My 2c from a visit last night, remarkably similar experience ->
7:30 reservation, we were seated in a booth in what looked like more of a bar area, though people were eating dinner at the other tables. Roomy booth which would have easily sat 4, but the table was pretty awkward - it's supported by a glass panel that runs lengthwise down the middle of the table - as a result, your feet are banging into the darn thing the entire night and there is simply nowhere whatsoever to stretch out your legs (and I am by no means long-legged, though Mrs. F is).
Service was very attentive, within minutes we were presented with the trio of duck fat fries (herb-seasoned w/ homemade ketchup, truffle-seasoned w/ truffle aioli, paprika-dusted w/ another dipping sauce). Agree that the paprika, though flavorful, was a little overpowering. Shortly after placing our orders a focaccia arrived, baked in a little copper pan, and also infused w/ truffle oil.
We started w/ "spice-poached prawns" (shrimp cocktail!) and crabcakes, then "American Kobe" eye of ribeye w/ some roasted marrow bones on the side, Alaskan salmon, and spinach souffle. I was disappointed that the lobster apps that appear on the online menu were not on the actual menu, as I had been hankering for the butter-poached lobster w/ corn and chanterelles listed there (though you can still get a butter-poached lobster as an accompaniment to your main and do your own surf-n-turf).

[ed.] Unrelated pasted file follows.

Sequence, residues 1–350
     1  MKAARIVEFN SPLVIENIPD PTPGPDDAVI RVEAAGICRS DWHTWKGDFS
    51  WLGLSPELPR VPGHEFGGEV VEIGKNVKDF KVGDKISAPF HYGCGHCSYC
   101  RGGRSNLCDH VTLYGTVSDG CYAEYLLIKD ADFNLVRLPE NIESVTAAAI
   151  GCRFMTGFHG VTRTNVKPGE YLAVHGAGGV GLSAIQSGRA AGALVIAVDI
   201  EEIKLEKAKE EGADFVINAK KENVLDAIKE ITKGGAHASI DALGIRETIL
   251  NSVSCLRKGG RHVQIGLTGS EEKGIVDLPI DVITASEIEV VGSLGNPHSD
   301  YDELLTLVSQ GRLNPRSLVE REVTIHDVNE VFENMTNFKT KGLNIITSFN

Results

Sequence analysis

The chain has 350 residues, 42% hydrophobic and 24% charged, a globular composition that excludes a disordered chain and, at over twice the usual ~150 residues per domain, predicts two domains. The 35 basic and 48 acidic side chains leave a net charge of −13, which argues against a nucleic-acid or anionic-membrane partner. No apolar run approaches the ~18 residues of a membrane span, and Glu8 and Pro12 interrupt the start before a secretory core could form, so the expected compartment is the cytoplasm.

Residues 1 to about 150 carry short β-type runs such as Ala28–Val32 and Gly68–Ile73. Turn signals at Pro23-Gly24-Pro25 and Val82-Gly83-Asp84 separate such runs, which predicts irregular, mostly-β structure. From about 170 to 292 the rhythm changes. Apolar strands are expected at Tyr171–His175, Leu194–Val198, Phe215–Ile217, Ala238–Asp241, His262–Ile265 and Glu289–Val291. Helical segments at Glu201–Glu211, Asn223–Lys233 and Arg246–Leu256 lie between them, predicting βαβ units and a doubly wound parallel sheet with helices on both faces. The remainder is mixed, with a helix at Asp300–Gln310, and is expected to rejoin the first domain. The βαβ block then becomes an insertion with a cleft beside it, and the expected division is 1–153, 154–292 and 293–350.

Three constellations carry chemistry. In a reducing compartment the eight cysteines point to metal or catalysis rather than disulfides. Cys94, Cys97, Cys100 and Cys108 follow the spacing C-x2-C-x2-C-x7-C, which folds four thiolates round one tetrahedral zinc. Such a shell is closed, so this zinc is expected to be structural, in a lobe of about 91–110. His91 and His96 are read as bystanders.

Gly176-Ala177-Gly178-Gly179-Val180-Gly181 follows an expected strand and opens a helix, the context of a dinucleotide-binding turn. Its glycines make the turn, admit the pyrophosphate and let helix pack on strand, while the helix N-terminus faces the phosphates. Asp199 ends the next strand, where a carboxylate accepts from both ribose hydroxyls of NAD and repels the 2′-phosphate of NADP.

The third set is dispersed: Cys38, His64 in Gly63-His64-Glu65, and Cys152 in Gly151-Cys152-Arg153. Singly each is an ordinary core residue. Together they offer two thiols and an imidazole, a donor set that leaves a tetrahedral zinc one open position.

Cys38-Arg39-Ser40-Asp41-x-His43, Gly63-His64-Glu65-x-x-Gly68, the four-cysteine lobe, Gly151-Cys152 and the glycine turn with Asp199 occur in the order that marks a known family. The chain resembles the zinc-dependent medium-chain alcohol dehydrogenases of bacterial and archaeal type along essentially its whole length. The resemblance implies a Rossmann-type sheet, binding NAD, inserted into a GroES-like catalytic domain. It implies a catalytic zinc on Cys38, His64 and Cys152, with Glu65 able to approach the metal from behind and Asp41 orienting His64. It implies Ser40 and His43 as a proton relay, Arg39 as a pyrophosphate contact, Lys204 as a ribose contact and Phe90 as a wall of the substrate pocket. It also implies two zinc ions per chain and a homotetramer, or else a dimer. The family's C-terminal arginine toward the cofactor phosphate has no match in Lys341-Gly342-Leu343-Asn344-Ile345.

The shrimp (a half-dozen large shrimp) were flavored preomdinantly with tarragon and came over a bed of ice and seaweed with cocktail sauce and green goddess for dipping. The cocktail sauce was nice and spicy with horseradish, the green goddess could have used a little kick. The crabcakes were two roughly golf-ball sized, thimble-shaped cakes, crispy on the outside and pretty much all crabmeat inside, no filler. Tasty, and the tabasco vinaigrette and tomatoes went nicely, only drawback was that the crabmeat was fairly well shredded and I might have preferred larger lump crab (and they were somewhat wee for a near $20 app).
The steak was an "American Kobe" "eye" of ribeye (8oz) - an interesting cut, which would appear to be the center of a ribeye (the part inside the usual ribbon of fat around one side of a ribeye), and cut double-thick (about 2"). It was indeed a beautiful steak, flavorful and marbled throughout, and topped with a sprinkle of grey sea salt crystals. Mrs. F gushed about its flavor before knowing I had ordered the "American Kobe." Is it worth it at $64? I will say this much: (1) I vastly preferred it to the equivalently priced "deckle steak" at the Forge, which I had a few weeks ago; (2) I probably, for the price, would have preferred it to the $46 18-oz bone-in ribeye (Angus beef) option on the B.S. menu. Happily take less of a better quality beef, which was still plenty filling, but most definitely not something to get in the habit of for many reasons. The marrow bones made for a rich sauce to accompany the rich beef, though I've preferred presentations of this with a bright parsley salad and toast for spreading (which I've had elsewhere as knockoffs of Fergus Henderson's St. John version). Confess I did not try Mrs. F's salmon - she liked it just fine (though was plenty regretful over not getting a steak).